Monday, December 13, 2010

The Absurd Monsieur Monde

We recently read a terrific book by the prolific (and heretofore unknown to us) Georges Simenon, called Monsieur Monde Vanishes. The plot, basically, is that a well-to-do middle-aged man (the owner of a family firm) simply vanishes one day, leaving behind his wife and family for the pleasures of living a more down-to-earth life. As the author puts it: "He...felt so envious of those who take no heed for the morrow and know none of the responsibilities with which other men burden themselves!" He assumes a new identity and spends several months living this way, with a relatively menial job and hand-to-mouth existence, before eventually returning to his family.

Perhaps not surprisingly, some reviewers took the story at face value (or, more accurately, at an extremely superficial level), concluding that Mssr. Monde returned to his family because that was the only place to find true contentment. But nothing could be further from the truth! Instead, Mssr. Monde realized the contentment he sought ("taking no heed of the morrow") was not to be found in changing his external conditions, but rather came from within. Thus, while he returned to his family and job, he did so sans his own internal baggage (as Jack Nicholson might ask: "Is there any other kind?")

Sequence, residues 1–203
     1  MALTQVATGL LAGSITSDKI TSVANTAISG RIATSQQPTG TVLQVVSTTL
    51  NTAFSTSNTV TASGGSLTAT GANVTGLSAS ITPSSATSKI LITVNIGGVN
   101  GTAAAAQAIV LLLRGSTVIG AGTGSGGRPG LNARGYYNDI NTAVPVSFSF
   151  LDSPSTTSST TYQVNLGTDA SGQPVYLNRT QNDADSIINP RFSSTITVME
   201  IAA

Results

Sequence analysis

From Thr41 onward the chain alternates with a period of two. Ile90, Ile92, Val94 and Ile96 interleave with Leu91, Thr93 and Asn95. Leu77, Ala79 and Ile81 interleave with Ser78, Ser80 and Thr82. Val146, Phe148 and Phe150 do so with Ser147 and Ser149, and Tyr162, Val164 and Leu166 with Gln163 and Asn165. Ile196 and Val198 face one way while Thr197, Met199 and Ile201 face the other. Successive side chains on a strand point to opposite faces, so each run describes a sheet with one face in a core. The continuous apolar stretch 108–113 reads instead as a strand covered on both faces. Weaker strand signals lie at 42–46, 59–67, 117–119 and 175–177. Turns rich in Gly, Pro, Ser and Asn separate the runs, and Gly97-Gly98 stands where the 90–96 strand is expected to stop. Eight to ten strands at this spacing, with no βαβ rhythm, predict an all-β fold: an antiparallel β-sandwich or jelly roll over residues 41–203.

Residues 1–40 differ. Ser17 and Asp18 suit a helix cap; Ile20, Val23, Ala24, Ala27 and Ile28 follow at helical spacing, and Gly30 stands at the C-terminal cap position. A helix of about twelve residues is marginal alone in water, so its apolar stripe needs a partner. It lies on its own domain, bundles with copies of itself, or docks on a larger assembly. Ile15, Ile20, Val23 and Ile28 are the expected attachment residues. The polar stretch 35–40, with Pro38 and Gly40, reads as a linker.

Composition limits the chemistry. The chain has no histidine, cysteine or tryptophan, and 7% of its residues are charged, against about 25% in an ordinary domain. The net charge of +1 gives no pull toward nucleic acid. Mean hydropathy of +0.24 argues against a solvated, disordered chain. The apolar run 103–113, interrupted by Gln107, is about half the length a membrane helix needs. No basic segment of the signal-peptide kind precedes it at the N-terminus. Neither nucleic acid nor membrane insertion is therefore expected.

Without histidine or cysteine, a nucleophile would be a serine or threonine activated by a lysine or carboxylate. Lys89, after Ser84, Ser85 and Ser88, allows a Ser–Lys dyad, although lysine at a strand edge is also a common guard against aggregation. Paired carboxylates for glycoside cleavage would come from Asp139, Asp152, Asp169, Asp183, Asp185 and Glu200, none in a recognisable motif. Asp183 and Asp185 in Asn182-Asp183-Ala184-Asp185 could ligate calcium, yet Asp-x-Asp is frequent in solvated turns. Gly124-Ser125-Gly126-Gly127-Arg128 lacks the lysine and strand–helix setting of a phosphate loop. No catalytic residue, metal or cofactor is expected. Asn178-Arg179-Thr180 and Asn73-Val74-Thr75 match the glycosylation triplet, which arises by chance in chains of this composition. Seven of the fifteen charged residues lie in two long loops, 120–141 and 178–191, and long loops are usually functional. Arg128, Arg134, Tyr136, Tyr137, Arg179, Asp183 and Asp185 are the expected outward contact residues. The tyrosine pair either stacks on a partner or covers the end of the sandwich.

We found the story interesting for two reasons. First, it is a terrific exposition not only of someone discovering the absurd, but also of how to apply it to one's life (the section after he returns discusses his easy manner and lack of worry), and second, as noted above, we could only shake our head at the reviewers who simply refused to see the underlying message, instead cramming it into their preferred narrative that family is what really matters.

No comments:

Post a Comment